Reading our Bible, praying, meditating, etc. are all things that we are often told to do and often talk about. However, it is worth our time to step back and think about the “why” behind it all. Why do we do these things? The answer to this question is of paramount importance to our persistence in them and what we get out of them. For example, if we do these things because they are what a Christian “ought to do”, then they take on the all the purpose and meaning of chores or items on a to-do list.
What I wish to do here is to recall our attention to the spiritual reality underlying all religious activity. Perhaps we have heard that the word of God is living and powerful (Hebrews 4:12) or that Holy Spirit abides in us and helps us (John 14:15-18). But maybe we’ve only heard them spoken in the midst of an emotion-fueled passion and when the heat of the moment is gone, so also fades the sense of profoundness of what we have heard. The tepid haze of distraction and tedium creep in once more and we find ourselves again distant from God and quietly trying to look like we have a vibrant relationship with Him, hints of whom we only see moving behind the curtains of someone else’s experience.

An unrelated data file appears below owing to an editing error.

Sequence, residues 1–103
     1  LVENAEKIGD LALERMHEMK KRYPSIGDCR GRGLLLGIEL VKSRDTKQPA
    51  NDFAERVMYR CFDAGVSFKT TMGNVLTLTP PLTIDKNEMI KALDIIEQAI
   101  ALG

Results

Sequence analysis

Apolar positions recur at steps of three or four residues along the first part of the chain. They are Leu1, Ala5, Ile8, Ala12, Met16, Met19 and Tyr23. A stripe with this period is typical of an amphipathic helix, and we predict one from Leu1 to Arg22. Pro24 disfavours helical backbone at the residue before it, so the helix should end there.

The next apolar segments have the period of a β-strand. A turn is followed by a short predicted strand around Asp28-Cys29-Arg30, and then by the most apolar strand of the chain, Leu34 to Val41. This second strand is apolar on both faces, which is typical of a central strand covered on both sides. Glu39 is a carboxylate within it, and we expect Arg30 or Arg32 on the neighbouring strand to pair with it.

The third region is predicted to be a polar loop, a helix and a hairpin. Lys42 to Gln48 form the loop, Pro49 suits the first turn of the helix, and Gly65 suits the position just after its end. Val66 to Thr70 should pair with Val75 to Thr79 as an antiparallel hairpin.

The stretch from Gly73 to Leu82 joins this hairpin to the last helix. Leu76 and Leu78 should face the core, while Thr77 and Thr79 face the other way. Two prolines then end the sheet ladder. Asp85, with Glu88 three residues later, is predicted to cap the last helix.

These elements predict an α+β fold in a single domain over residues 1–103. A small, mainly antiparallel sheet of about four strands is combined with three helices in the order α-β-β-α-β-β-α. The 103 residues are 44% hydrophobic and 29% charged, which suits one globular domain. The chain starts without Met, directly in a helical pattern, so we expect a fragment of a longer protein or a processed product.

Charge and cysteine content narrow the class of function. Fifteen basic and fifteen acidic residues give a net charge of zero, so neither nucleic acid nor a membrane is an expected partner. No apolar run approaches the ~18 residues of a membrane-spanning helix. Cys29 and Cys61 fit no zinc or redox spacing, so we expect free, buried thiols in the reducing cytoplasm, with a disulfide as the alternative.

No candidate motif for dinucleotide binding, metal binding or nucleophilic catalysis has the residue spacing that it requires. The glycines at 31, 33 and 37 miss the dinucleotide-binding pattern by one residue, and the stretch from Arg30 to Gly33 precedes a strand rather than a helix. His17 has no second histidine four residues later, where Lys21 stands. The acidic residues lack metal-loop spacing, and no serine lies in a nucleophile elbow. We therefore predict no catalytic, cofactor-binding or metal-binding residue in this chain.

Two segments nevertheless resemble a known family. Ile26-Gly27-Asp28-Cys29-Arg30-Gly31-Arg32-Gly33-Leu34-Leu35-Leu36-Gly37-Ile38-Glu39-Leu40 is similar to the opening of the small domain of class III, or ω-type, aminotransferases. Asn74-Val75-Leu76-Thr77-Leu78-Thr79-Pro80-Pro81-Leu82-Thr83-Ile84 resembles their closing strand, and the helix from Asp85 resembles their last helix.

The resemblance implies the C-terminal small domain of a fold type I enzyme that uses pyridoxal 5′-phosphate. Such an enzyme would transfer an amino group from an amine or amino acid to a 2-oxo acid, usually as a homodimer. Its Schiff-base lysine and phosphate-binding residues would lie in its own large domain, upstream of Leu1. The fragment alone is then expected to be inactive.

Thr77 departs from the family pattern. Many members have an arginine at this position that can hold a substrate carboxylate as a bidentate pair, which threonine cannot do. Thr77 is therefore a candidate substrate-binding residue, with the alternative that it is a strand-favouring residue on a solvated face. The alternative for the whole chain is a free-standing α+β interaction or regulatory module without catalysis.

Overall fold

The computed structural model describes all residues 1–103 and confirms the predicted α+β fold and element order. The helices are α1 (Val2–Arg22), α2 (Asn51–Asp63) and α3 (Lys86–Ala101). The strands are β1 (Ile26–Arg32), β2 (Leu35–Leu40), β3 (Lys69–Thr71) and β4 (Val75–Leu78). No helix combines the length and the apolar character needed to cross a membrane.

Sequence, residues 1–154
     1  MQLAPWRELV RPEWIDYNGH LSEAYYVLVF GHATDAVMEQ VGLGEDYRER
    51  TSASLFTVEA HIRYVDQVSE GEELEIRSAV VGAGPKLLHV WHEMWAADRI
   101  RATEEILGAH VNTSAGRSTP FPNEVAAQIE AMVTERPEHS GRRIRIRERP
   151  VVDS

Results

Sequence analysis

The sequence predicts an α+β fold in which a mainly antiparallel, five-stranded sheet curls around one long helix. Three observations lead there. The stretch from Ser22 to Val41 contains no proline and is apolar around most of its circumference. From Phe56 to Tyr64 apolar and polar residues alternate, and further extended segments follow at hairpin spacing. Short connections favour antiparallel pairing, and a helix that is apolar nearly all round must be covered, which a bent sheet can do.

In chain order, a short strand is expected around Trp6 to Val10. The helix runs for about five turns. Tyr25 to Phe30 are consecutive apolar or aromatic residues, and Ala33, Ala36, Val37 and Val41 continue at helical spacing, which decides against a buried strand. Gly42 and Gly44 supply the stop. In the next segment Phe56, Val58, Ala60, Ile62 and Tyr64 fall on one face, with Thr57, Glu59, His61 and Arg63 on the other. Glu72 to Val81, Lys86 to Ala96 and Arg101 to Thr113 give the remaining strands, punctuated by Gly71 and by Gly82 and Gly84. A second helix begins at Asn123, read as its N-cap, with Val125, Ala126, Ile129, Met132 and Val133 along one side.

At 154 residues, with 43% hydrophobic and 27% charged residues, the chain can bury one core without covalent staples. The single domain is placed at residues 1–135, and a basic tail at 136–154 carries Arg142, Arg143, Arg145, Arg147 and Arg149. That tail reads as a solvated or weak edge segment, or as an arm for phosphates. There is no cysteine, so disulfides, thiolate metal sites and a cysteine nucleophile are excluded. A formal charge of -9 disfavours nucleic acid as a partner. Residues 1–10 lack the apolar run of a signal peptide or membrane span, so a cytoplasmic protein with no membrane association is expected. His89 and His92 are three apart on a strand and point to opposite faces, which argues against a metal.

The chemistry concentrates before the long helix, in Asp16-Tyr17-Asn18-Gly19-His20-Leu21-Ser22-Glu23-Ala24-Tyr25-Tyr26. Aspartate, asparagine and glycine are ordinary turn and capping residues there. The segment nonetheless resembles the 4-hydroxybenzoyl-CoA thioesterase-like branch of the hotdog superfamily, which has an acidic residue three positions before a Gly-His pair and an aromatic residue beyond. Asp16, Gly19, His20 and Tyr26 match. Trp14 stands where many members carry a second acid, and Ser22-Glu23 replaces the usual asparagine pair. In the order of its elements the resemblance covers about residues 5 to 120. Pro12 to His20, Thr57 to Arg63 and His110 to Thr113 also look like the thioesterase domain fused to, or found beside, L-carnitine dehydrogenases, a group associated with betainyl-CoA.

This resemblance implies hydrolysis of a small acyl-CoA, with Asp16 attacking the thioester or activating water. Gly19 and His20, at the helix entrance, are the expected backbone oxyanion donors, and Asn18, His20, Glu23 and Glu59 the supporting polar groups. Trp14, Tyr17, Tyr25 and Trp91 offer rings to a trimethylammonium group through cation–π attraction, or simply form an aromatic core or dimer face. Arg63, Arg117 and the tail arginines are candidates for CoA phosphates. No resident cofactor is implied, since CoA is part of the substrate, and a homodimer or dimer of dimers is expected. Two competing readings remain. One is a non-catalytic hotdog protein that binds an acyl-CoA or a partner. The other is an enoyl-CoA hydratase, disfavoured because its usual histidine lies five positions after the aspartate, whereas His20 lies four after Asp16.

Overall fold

But what if there is more? What if Scripture is more than a collection of Christian slogans? What if this talk of a real God who loves us, died for us, and lives in us were all true in the truest sense possible? If we start from this as the basic immutable fact of life, then our perspective of all things changes in at least some way. Focusing on our religious practices: they cease to be acts that we use to try and justify our calling ourselves Christian. Instead, they are windows through which we meet and interact with God. We engage in prayer and searching the Scriptures not because a personal label compels us to, but because we are drawn to them as a taste of what really matters and is eternal. Even when we feel spent in spirit and haven’t the slightest inkling to pursue matters of faith, we engage in our disciplines with the hope and assurance that the real and living God of the universe is with us.